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Untitled #277 (work of art)

Artwork Info

1956 to 1957
Seydou Keïta
24 x 20 inches (61 x 50.8 centimeters)


Purchased with funds from the Friends of Photography

Object Number

Key Ideas

  • This is a photograph of a young Malian woman seated in front of a patterned backdrop. She wears a floral dress with ruffled sleeves and a variety of metal and beaded jewelry. Her head is partially covered by a silk scarf. 
  • Seydou Keïta’s photography shows the transition from tradition to modernity during the mid-20th century. His work depicts the city lifestyle in Mali’s capital, Bamako, following the country’s independence from France.
  • This photograph was made using a gelatin-silver printing process. Gelatin-silver printing is the most common process for making black-and-white photographs. 
  • Even though Keïta was a self-taught photographer, he quickly rose to fame as a portrait artist and became the Malian government’s official photographer.

Learn More

Seydou Keïta was a self-taught portrait photographer. He set up a photography studio in his backyard, in Bamako, in the late 1940s. He began creating his studio portraits around the same time that his country gained independence from France. Many people moved from the Mali countryside to the capital city of Bamako during this time. People in the city often commissioned portraits to send to their families in outlying areas.

Keïta’s photography is a visual record of the emerging urban lifestyle in Bamako. This was a hopeful time for Malians. They were transitioning from being a French colony to becoming an independent country. Keïta’s images show how people’s ideas about beauty, success, and identity changed in the postcolonial era.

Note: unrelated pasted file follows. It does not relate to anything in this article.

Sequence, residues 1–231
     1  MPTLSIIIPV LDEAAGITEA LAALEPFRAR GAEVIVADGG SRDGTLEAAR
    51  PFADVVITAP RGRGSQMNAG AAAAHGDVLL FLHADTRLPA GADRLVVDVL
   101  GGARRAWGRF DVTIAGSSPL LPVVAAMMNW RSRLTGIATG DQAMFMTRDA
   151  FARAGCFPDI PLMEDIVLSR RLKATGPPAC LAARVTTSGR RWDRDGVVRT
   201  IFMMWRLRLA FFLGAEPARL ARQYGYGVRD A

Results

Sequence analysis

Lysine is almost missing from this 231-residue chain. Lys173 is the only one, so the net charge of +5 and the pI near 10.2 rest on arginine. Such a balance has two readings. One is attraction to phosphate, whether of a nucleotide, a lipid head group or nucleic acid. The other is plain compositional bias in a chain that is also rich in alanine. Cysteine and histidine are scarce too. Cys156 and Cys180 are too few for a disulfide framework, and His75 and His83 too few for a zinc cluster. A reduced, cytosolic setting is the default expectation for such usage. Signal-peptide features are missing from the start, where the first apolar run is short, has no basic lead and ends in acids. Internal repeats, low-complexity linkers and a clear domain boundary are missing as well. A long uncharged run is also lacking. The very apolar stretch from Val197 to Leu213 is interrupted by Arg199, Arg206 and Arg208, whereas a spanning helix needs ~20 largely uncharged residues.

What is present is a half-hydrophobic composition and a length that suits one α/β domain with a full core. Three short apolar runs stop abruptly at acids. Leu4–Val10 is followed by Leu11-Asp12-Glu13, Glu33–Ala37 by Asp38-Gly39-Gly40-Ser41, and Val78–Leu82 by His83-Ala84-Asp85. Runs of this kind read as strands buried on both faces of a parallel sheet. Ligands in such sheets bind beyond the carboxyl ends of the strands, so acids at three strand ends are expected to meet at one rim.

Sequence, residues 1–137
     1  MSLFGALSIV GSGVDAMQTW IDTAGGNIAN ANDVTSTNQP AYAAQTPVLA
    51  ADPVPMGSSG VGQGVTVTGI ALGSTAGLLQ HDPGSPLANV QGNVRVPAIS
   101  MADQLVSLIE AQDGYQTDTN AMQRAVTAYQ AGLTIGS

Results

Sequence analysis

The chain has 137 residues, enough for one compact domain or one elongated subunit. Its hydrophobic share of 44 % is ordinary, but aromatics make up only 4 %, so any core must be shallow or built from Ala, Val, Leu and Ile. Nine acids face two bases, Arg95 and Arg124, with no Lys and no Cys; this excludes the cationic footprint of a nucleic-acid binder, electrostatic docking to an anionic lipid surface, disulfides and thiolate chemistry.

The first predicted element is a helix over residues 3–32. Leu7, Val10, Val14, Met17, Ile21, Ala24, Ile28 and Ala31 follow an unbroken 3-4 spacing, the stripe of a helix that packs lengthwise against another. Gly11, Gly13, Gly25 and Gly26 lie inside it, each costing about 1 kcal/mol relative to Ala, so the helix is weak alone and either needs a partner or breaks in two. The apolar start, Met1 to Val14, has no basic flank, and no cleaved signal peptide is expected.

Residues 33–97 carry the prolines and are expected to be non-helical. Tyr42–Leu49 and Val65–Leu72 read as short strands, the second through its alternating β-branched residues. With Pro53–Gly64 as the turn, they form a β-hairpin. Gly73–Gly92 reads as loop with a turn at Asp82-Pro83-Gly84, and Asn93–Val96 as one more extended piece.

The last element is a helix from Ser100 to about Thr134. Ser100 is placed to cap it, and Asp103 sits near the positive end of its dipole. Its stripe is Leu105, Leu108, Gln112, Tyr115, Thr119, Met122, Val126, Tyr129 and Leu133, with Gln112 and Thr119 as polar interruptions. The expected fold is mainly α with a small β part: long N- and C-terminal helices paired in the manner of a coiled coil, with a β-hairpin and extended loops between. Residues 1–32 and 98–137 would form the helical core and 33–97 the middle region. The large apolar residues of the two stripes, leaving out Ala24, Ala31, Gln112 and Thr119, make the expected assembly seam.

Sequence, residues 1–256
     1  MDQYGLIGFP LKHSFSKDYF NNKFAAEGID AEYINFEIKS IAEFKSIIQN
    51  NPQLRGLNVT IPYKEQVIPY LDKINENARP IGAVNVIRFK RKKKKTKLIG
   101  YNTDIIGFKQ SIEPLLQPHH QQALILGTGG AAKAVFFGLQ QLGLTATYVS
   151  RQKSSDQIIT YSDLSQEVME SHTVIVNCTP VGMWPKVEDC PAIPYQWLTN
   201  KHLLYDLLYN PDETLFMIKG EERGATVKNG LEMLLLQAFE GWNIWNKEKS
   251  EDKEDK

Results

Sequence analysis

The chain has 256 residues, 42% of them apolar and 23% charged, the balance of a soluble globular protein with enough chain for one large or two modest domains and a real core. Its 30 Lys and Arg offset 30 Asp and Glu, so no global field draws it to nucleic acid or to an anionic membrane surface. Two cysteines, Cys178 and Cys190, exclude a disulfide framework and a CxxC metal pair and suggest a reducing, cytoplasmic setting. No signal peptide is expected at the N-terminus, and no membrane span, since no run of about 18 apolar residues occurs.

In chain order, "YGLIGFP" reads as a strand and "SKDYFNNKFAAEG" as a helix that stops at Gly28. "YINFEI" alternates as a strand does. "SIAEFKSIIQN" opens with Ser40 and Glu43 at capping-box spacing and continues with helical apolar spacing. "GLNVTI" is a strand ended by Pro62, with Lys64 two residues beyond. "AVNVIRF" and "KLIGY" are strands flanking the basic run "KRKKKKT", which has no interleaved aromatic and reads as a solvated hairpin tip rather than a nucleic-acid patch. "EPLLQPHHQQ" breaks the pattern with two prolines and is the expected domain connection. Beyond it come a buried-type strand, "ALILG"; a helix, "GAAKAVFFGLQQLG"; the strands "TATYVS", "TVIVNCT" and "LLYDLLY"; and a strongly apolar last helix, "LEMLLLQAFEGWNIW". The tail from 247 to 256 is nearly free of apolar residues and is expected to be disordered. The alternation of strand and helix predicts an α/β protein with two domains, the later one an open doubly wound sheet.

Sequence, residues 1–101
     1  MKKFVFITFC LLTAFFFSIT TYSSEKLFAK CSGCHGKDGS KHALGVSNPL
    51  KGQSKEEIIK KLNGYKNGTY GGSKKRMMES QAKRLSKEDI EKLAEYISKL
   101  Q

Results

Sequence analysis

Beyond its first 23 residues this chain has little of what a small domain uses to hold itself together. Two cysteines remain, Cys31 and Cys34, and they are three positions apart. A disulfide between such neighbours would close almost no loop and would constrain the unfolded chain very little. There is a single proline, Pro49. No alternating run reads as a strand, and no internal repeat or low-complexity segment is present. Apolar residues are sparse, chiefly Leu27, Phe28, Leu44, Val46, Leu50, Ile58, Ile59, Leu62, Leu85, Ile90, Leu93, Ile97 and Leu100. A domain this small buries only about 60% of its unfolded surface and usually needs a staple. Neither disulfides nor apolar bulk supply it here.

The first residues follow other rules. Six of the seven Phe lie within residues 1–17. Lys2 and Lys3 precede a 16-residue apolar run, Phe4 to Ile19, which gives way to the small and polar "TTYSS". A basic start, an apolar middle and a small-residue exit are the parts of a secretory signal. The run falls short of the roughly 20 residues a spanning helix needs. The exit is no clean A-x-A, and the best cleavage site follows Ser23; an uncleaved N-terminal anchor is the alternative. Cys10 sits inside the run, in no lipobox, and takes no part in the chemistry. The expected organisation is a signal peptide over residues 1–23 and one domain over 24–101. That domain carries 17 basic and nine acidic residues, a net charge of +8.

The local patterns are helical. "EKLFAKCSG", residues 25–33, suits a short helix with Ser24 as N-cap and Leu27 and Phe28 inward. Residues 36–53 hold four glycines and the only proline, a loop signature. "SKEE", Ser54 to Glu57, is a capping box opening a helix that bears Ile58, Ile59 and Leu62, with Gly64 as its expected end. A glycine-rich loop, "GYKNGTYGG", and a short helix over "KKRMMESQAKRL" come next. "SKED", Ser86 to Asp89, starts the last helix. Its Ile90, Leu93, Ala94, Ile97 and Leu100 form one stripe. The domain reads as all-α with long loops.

The young woman in this portrait wears formal clothing, a silk headscarf, and different styles of jewelry. Some of these items may have been provided by Keïta’s studio. The jewelry has roots in both modern and traditional styles. The style of the choker necklace in this photo was popular throughout West Africa. 

Many of Keïta’s photographs were made using the gelatin-silver printing process. Gelatin-silver printing became the most popular process for creating black-and-white photos. The film was covered with a mixture of gelatin and silver halides. After it dried, the paper was exposed to light through a photo negative. The image was developed by placing the paper in chemicals that react to gelatin and silver.

Keïta was selected to be the official photographer for the Malian government. His legacy lives on through the Seydou Keïta foundation in Bamako. The foundation preserves Keïta’s work and supports young African artists.

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  • Untitled #277

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